“Incontinently after Jupiter commanded Mercury to bring up Psyches, the spouse of Cupid, into the Pallace of heaven. And then he tooke a pot of immortality, and said, Hold Psyches, and drinke, to the end thou maist be immortall, and that Cupid may be thine everlasting husband.

On Olympus, in the presence of the other gods, Aphrodite reluctantly reconciled with her pregnant daughter-in-law, who was about to give birth to a grandchild Aphrodite would (obviously) dote on, Pleasure.

Another Story of Cupid and Psyche

C.S. Lewis took Apuleius’ version of this myth and turned it on its ear in Till We Have Faces. The tender love story is gone. Instead of having the story seen through the eyes of Psyche, it’s seen through her sister Orval’s perspective. Instead of the refined Aphrodite of the Roman story, the mother goddess in C.S. Lewis’ version is a far more weighty, chthonic Earth-Mother-Goddess power.

More on C.S. Lewis and the re-telling of the Cupid and Psyche myth: A Great Gulf Fixed: The Problem of Obsessive Love in C.S. Lewis’ Till We Have Faces

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About the Origins and History of Valentine’s Day

About the Origins and History of Valentine’s Day

By , About.com

The origins of Valentine’s Day may be a bit disappointing. Valentine’s Day is probably named for a saint. Its transformation into a love-fest seems to have been catalyzed by a single Englishman in the 14th century — well beyond the termination date for bawdy Roman fertility festivals, like the Lupercalia.

Chaucer first linked the February holiday of Valentine’s Day, a martyred saint’s day, with romance, and even then, not really romance, but birds mating. Then, after some centuries of an increasingly popular association between Valentine’s Day and romance came the development of cheap-to-mail paper Valentine’s Day cards and the birth of an American holiday in the mid-19th century.

It may not be fair to say that Valentine’s Day has its origin in antiquity, but there were romantic spring holidays (Gamelion and Lupercalia) and a St. Valentine or 2.

Valentine’s Day Saint #1:

There may have been a real Valentine, a 3d-century priest who defied Emperor Claudius II’s ban against wartime marriages. According to legend, Valentine performed secret marriages until he was discovered, put to death, and buried on the Flaminian Way. [See Oruch for why this doesn’t work historically.]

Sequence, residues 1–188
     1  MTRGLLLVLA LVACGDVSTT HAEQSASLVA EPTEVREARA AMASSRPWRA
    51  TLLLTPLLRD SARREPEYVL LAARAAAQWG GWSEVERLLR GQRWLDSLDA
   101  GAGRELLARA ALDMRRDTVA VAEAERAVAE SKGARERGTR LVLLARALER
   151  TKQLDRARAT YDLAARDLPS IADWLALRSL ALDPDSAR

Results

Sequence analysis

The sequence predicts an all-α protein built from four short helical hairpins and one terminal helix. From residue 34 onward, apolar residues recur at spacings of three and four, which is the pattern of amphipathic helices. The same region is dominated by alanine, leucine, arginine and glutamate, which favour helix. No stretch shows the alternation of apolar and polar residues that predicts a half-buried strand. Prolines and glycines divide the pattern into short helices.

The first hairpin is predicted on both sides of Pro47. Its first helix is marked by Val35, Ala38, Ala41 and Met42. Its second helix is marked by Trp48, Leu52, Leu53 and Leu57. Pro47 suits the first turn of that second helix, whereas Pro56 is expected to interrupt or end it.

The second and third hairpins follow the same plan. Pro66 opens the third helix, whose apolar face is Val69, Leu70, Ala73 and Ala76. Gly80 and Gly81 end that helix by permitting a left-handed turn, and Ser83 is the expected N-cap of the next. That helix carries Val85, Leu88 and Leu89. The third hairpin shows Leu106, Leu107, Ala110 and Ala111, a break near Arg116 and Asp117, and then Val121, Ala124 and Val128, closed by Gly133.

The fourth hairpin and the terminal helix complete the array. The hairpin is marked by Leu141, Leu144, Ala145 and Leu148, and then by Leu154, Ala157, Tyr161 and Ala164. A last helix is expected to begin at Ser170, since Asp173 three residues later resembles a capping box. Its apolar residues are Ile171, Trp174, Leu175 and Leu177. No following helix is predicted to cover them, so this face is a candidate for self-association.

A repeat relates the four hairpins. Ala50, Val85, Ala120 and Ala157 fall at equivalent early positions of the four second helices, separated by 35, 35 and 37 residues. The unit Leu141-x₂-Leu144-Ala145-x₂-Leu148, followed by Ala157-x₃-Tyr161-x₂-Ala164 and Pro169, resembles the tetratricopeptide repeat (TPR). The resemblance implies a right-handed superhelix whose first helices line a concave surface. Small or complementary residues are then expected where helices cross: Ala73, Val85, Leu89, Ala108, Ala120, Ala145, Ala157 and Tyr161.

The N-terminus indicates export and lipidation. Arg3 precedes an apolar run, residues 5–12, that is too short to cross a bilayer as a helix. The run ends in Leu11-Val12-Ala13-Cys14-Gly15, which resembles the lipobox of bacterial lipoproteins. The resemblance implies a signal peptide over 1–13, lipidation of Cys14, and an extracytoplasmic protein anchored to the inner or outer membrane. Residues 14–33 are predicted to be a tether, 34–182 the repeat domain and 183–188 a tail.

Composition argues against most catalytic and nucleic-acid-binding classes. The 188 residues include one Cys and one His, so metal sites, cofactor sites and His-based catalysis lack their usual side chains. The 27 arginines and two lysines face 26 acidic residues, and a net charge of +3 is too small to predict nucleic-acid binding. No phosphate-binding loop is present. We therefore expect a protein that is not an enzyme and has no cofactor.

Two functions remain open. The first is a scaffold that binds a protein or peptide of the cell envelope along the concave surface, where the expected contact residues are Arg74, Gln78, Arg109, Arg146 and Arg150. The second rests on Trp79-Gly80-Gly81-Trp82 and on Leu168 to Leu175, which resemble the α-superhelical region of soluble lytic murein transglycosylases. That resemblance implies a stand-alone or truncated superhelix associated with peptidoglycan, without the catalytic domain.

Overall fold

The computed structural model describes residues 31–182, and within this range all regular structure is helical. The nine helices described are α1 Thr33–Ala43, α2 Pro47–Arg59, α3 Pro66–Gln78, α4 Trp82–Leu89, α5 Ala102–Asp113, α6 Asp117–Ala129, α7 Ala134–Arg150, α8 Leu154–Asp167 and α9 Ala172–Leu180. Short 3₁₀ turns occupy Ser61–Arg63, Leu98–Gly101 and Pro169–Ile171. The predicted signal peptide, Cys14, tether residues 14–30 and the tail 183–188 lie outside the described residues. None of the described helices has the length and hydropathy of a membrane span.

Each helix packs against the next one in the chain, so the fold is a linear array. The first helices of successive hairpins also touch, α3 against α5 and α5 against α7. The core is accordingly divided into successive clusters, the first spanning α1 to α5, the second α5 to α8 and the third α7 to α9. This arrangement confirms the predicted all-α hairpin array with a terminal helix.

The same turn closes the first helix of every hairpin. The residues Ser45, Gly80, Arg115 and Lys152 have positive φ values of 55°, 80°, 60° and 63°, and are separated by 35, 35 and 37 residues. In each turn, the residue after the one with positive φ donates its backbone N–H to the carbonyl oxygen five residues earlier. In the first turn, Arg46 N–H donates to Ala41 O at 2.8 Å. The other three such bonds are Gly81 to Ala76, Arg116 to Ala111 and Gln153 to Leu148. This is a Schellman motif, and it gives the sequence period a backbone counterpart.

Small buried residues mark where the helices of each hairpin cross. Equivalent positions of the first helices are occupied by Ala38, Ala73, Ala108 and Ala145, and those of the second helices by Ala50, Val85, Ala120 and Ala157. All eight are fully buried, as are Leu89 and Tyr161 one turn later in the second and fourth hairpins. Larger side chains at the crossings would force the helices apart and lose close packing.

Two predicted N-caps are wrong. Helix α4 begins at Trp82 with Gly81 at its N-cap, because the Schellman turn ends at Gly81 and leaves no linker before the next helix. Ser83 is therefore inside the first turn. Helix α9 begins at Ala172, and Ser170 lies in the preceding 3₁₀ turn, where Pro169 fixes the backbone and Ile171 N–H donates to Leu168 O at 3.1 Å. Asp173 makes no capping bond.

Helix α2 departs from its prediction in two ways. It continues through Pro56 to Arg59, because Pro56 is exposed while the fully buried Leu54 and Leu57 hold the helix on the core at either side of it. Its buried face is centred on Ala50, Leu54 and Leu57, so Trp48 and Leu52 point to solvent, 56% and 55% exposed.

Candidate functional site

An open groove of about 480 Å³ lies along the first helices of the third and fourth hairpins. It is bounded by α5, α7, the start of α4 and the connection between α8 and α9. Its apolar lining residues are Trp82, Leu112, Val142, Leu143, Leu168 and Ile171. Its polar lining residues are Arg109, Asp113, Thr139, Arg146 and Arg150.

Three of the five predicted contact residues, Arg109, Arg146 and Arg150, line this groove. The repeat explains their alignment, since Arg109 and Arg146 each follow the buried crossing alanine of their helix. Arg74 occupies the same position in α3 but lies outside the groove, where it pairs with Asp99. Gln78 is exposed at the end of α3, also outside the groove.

Valentine’s Day Saint #2:

There’s another legend in which a Valentine, persecuted for helping Christians, restored the eyesight of his jailer’s blind daughter, and then maintained a secret correspondence with her to which he signed his name “your Valentine.”

Another Derivation of Valentine:

Even more speculative is the notion that Valentine’s name was originally “Galantine,” signifying “gallant,” a word with more obvious associations with courtship. The shift in consonant to “v” is explained as the way medieval French peasants pronounced the letter “g.”

Valentine was a popular name among the Romans, with emperors named Valens and Valentinian.

Christianization of Lupercalia:

Another theory is that Pope Gelasius I replaced the pagan festival of Lupercalia with the Christian Feast of the Purification, which was celebrated on February 14, 40 days after Epiphany. This is based on Bede who wrote about pagan customs in February, and not specifically Lupercalia. Oruch says it wasn’t until the 16th century that the pagan ceremony of Lupercalia was said to be behind Candlemas (February 2).

February’s Special Holidays:

Imbolc, Oimelc, Brigit’s Day, The Feast of the Purification of the Virgin Mary, Ground Hog’s Day, and Candlemas are all holidays that occur in the first half of February. Some believe the Christian holidays are simply renamed pagan ones.

References for Origins of Valentine’s Day:

  • “The Fashioning of a Modern Holiday: St. Valentine’s Day, 1840-1870,” by Leigh Eric Schmidt; Winterthur Portfolio Vol. 28, No. 4 (Winter, 1993), pp. 209-245.
  • “St. Valentine, Chaucer, and Spring in February,” by Jack B. Oruch Speculum, Vol. 56, No. 3. (Jul., 1981), pp. 534-565.

About.com